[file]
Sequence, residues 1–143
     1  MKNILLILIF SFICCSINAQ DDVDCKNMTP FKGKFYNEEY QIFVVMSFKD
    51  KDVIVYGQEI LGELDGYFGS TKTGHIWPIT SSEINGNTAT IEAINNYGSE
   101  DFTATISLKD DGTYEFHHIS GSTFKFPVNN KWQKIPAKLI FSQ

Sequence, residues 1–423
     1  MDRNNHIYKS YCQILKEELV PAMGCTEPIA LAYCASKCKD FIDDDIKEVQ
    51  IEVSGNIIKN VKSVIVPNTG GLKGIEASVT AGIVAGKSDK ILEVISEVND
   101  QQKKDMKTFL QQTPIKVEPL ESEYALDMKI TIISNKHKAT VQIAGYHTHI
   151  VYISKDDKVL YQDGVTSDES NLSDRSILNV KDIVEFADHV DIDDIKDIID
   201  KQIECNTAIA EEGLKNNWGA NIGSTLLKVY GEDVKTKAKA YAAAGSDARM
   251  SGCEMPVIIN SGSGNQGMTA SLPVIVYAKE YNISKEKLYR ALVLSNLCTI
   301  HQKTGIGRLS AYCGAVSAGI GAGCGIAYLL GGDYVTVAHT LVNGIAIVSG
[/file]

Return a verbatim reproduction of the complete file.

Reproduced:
Sequence, residues 1–143
     1  MKNILLILIF SFICCSINAQ DDVDCKNMTP FKGKFYNEEY QIFVVMSFKD
    51  KDVIVYGQEI LGELDGYFGS TKTGHIWPIT SSEINGNTAT IEAINNYGSE
   101  DFTATISLKD DGTYEFHHIS GSTFKFPVNN KWQKIPAKLI FSQ

Sequence, residues 1–423
     1  MDRNNHIYKS YCQILKEELV PAMGCTEPIA LAYCASKCKD FIDDDIKEVQ
    51  IEVSGNIIKN VKSVIVPNTG GLKGIEASVT AGIVAGKSDK ILEVISEVND
   101  QQKKDMKTFL QQTPIKVEPL ESEYALDMKI TIISNKHKAT VQIAGYHTHI
   151  VYISKDDKVL YQDGVTSDES NLSDRSILNV KDIVEFADHV DIDDIKDIID
   201  KQIECNTAIA EEGLKNNWGA NIGSTLLKVY GEDVKTKAKA YAAAGSDARM
   251  SGCEMPVIIN SGSGNQGMTA SLPVIVYAKE YNISKEKLYR ALVLSNLCTI
   301  HQKTGIGRLS AYCGAVSAGI GAGCGIAYLL GGDYVTVAHT LVNGIAIVSG